• indenture
  • same way about Americans independence.
  • operations racing
  • Yet they had different opinions about riding
  • agreed
  • horses like other men did. Samuel argued
  • cannon
  • that walking or riding in a carriage suited
  • him better.

43
Children's Literature Strategies for
Comprehension
  • Use of prior knowledge
  • Retelling
  • Guided reading
  • Fluency
  • Reader response

44
Children's Literature
  • Strategies for comprehension
  • Solving words
  • Adjusting reading according to purpose and
    context
  • Metacognition
  • Maintaining fluency
  • Making connections (personal, world, text)

45
  • A class is reading a book that has chapter
    numbers but no chapter titles. The teacher asks
    the students to think of an appropriate title for
    each chapter. What is the main purpose in
    choosing this activity? Why is it a useful
    activity?

Concepts to Think About
46
Children's Literature
  • Study skills and tools
  • SQ3R
  • KWL
  • Note taking
  • Marking and coding
  • Graphic organizers
  • Finding information in charts, tables, graphs

47
  • What are some effective ways to use graphic
    organizers if students understand most of the
    details in a unit, but not the central idea of
    the unit?
  • What are some effective ways of guiding students
    to understand articles that feature text and
    variety of graphics?

Concepts to Think About
48
Communication SkillsStages of writing development
  • Phase
  • Picture writing
  • Scribble writing
  • Random letter
  • Invented spelling
  • Conventional writing
  • Concurrent development with reading

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Communication Skills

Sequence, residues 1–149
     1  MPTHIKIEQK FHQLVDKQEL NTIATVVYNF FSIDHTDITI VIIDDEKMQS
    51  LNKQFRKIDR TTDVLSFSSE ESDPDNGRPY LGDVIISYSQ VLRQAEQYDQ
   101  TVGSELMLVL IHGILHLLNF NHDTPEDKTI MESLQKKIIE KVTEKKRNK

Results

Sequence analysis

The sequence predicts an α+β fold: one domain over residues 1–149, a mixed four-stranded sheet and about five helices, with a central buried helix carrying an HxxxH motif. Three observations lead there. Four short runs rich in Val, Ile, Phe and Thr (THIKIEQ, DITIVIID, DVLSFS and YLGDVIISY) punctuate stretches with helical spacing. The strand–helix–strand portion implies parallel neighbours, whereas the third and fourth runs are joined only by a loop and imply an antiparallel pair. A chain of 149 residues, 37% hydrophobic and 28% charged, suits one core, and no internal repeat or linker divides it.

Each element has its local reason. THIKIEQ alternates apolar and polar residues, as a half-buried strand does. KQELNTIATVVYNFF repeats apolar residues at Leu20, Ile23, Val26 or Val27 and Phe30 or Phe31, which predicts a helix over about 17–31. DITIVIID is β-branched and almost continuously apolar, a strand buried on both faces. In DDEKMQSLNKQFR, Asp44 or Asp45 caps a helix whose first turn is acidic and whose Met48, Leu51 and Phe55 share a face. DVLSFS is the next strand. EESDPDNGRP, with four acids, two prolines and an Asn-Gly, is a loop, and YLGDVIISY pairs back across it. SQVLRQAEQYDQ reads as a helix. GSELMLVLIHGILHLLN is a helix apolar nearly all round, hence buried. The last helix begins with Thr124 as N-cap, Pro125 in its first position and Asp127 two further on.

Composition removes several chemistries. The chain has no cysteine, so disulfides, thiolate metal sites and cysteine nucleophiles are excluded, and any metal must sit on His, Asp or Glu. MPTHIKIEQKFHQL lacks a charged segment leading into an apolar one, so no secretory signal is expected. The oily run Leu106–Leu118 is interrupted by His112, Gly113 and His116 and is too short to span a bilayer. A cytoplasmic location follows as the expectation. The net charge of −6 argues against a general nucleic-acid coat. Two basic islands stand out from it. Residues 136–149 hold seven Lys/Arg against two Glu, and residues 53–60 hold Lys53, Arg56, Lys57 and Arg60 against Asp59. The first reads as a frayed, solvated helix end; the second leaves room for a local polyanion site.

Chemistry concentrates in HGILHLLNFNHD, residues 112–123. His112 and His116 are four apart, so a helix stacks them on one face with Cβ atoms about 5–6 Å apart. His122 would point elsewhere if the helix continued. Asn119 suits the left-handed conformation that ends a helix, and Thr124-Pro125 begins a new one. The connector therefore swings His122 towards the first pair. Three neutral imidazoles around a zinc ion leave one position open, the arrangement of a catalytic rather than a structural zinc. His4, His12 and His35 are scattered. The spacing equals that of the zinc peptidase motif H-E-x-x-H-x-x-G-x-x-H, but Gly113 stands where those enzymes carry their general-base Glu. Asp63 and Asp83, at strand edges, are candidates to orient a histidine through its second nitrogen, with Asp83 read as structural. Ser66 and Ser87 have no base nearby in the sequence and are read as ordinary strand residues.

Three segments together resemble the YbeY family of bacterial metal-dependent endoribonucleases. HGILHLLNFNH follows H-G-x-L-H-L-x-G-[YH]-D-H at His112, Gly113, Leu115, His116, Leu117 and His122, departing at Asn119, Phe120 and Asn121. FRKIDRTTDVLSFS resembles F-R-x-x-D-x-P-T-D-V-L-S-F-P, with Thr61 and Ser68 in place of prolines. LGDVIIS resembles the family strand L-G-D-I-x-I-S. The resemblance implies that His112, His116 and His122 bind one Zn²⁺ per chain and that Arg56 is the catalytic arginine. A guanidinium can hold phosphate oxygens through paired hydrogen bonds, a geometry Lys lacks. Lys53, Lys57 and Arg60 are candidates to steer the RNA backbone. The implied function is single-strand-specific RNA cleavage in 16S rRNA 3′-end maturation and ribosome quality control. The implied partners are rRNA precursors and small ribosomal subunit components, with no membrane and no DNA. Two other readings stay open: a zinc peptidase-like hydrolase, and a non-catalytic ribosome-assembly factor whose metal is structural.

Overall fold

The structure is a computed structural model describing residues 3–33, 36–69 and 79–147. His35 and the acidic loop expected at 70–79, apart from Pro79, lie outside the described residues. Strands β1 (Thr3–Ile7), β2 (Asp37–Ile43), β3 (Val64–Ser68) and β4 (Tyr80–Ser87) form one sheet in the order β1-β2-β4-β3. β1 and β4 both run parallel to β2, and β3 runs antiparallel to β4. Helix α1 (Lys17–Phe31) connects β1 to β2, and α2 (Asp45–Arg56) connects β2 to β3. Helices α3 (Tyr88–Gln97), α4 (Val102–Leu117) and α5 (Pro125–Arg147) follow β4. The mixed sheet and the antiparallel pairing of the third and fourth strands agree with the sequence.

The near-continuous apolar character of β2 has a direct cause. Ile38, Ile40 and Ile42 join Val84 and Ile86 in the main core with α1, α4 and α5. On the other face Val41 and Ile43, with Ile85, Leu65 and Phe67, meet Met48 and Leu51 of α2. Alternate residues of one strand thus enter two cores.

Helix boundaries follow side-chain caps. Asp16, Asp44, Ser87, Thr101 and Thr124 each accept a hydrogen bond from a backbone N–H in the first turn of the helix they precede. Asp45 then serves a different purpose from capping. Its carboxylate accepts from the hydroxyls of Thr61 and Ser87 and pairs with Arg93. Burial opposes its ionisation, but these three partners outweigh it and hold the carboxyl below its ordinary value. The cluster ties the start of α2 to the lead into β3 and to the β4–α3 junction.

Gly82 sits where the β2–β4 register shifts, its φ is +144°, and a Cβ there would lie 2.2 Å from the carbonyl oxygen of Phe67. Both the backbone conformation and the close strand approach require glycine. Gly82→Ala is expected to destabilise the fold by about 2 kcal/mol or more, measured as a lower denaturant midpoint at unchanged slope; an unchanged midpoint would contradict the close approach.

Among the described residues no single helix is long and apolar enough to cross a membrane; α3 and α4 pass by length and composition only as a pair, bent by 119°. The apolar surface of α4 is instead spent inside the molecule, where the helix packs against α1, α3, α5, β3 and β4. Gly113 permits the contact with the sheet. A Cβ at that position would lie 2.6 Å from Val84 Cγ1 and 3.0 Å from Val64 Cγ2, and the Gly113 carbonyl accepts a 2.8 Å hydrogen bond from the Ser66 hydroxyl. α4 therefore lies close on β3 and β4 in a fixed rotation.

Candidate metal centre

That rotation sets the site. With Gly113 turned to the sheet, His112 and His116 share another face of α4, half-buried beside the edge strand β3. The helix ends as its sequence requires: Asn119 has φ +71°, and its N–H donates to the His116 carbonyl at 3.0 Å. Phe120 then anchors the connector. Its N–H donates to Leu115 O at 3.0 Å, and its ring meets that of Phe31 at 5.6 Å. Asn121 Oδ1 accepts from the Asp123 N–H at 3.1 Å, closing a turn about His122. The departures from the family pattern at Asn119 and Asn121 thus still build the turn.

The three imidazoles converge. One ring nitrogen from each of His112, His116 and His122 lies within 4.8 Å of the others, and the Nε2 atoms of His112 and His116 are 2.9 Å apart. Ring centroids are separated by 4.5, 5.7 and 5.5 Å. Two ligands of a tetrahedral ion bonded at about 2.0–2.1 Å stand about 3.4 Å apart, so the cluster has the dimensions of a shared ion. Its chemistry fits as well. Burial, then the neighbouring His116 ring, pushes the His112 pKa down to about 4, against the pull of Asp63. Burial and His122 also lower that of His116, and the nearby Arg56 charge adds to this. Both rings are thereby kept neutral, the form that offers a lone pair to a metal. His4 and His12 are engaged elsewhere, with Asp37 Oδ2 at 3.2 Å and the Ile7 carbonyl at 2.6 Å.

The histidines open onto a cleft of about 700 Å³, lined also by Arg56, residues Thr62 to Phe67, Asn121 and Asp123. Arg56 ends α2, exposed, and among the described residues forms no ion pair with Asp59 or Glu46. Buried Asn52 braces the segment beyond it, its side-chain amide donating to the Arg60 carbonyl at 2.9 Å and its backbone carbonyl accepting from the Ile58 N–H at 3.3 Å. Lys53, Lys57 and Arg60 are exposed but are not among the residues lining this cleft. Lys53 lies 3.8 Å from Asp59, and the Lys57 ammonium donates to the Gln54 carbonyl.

• Stages of the writing process
  • Recursive nature of the process
  • Explore/Prewrite
  • Draft
  • Edit
  • Publish

53
Communication Skills
  • Spelling development Constructive nature of the
    development stages
  • -Scribble
  • -Prephonemic
  • -Early phonics
  • -Letter name
  • -Transitional
  • -Derivational
  • -Conventional

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Communication Skills
  • Elements of speaking
  • Purpose
  • Audience
  • Inclusion of visuals
  • Tone
  • Opening and closing

58
Communication Skills
  • Details and anecdotes
  • Volume, pitch, pace, gestures
  • Eye contact
  • Voice modulation
  • Focus, organization, structure, point of view

59
Communication Skills
  • Elements of listening
  • Listening to and following directions
  • Responding to literature read aloud
  • Agreeing or disagreeing with the ideas in a
    speech
  • Asking for clarification
  • Expanding on an idea

60
Communication Skills
  • Repeating or paraphrasing to verify ones
    understanding
  • Calling for evidence
  • Summarizing major ideas and supporting evidence
  • Interpreting volume, pitch, pace, gestures
  • Evaluating mood or tone